Seve Ballesteros had to make a late change to his line-up for the third session of the Seve Trophy at The Heritage near Dublin today.
Dane Thomas Bjorn, one of the two wild cards picked by the Continental Europe captain, was suffering from an upset stomach.
He was due out in the top greensomes game with Swede Robert Karlsson against Britain and Ireland’s Justin Rose and Paul Casey as the contest resumed at 5-5, but was replaced by Spaniard Gonzalo Fernandez-Castano.
The Madrid golfer was Ballesteros’s other pick for the match, but had lost twice with compatriot Miguel Angel Jimenez and the two of them were both expecting to sit out the morning.
Greensomes is where the two teammates both drive on a hole and then have to choose which ball to play on with.
Rose and Casey, the home side’s highest ranked players, had won together at fourballs yesterday and in further rain they set off with a winning birdie three.
But Karlsson and his new partner Fernandez-Castano made four down the long second to tie things up.
This is the third Seve Trophy running that Bjorn has had a problem. At El Saler in Valencia in 2003 he withdrew just before the singles because of an injury, then at The Wynyard near Middlesbrough two years ago he began suffering from a virus and was hammered six and five in the singles by David Howell.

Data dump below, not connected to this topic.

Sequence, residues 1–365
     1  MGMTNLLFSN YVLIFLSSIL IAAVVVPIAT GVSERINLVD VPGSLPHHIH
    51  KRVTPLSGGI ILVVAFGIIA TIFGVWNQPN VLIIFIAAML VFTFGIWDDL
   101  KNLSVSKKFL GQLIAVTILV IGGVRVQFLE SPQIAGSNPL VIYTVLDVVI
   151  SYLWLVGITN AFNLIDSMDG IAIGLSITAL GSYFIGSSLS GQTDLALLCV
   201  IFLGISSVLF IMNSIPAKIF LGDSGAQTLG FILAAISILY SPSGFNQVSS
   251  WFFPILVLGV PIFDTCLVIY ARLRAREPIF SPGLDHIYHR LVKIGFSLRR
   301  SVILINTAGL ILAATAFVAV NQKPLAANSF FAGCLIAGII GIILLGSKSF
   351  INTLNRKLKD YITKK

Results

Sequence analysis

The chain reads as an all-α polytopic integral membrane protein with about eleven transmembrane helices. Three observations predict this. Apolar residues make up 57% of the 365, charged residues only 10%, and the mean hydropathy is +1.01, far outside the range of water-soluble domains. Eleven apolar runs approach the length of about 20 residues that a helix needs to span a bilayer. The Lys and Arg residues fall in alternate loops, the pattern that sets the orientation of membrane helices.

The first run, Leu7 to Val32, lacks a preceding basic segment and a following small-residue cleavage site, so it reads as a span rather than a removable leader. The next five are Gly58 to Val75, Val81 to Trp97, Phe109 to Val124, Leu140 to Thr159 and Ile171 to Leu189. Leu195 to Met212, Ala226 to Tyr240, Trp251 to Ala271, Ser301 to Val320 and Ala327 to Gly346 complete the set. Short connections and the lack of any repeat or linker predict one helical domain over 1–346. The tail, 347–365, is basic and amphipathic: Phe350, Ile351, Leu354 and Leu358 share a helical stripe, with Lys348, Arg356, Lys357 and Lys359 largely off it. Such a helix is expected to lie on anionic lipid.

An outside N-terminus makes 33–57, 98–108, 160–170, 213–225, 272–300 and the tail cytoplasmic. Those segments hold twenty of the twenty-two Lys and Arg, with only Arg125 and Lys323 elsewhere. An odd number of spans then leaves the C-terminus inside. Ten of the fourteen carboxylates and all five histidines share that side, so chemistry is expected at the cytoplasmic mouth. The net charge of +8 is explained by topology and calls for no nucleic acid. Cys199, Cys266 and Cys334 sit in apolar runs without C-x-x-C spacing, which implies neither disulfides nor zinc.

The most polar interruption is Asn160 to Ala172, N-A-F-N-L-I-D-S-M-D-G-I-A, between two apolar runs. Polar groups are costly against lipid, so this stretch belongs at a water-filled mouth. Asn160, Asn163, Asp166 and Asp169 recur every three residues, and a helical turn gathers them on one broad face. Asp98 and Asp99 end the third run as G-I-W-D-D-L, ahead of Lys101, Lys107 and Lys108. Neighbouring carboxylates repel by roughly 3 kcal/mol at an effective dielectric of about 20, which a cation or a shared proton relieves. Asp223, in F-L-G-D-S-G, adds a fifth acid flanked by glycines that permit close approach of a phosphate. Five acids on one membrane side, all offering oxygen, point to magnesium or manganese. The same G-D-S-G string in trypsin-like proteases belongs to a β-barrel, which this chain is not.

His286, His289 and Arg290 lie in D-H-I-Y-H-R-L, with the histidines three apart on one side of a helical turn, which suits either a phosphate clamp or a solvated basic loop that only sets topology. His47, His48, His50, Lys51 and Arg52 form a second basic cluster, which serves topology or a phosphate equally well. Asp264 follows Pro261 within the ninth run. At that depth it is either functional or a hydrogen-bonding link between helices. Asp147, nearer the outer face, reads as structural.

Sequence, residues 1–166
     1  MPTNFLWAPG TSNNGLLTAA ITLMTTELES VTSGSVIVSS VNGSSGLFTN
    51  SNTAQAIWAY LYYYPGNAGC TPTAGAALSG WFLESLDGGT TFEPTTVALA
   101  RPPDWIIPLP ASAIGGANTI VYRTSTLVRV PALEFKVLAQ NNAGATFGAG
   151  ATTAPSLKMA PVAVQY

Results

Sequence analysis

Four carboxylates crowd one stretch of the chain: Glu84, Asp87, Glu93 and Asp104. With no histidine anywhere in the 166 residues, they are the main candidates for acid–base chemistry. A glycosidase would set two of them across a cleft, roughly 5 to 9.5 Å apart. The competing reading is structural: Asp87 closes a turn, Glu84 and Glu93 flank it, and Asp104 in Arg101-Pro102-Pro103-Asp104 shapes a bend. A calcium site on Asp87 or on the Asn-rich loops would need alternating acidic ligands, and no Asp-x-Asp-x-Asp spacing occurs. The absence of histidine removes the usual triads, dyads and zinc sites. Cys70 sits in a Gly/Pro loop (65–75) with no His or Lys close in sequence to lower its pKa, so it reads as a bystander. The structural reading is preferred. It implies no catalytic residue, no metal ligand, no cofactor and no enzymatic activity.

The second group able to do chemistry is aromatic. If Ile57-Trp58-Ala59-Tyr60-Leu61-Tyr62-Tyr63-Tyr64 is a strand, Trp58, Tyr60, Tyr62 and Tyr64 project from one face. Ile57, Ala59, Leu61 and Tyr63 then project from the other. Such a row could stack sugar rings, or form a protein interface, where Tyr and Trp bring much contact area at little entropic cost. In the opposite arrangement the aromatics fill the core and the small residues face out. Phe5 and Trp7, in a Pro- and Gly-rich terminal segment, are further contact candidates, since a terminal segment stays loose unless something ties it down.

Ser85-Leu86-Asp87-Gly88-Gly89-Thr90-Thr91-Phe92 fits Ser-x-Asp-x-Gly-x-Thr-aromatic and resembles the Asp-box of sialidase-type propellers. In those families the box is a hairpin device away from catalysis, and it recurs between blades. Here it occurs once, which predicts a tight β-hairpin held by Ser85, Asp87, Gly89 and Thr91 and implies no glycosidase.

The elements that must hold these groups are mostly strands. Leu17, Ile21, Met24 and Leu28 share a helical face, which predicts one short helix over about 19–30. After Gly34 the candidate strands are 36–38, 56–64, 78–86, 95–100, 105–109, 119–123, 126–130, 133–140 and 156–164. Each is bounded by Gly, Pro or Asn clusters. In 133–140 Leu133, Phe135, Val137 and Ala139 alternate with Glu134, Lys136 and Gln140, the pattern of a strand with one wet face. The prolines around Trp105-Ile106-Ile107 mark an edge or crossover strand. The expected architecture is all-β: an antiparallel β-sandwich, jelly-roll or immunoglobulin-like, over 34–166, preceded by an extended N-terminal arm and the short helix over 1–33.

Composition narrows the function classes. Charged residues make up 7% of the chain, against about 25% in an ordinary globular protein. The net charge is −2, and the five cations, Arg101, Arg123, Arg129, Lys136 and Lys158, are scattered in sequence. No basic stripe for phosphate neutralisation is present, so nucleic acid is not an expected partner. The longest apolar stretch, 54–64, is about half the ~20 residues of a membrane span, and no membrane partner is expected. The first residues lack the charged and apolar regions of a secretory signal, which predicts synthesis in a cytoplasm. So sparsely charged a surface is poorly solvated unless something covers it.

The virus became so bad that he had two spells in hospital – one near his home and the other in San Francisco after he had flown there for the world championship – and needed a lengthy recovery period.
His latest upset followed the incident involving Scot Marc Warren on Thursday night.
Warren was practising his swing in his hotel room when he shattered the chandelier above his head. The glass cut his head, arms and stomach and he needed to be taken away for stitches.
Last season’s Rookie of the Year and his partner Colin Montgomerie, like Jimenez and Fernandez-Castano with two defeats to their names so far, were the duo omitted by Britain and Ireland captain Nick Faldo.
Not surprisingly, the poor weather this morning meant another pitifully poor attendance. With Open champion Padraig Harrington pulling out because of fatigue no Irishmen were in Faldo’s team, which may have made golfing sense but commercially had badly hit the event.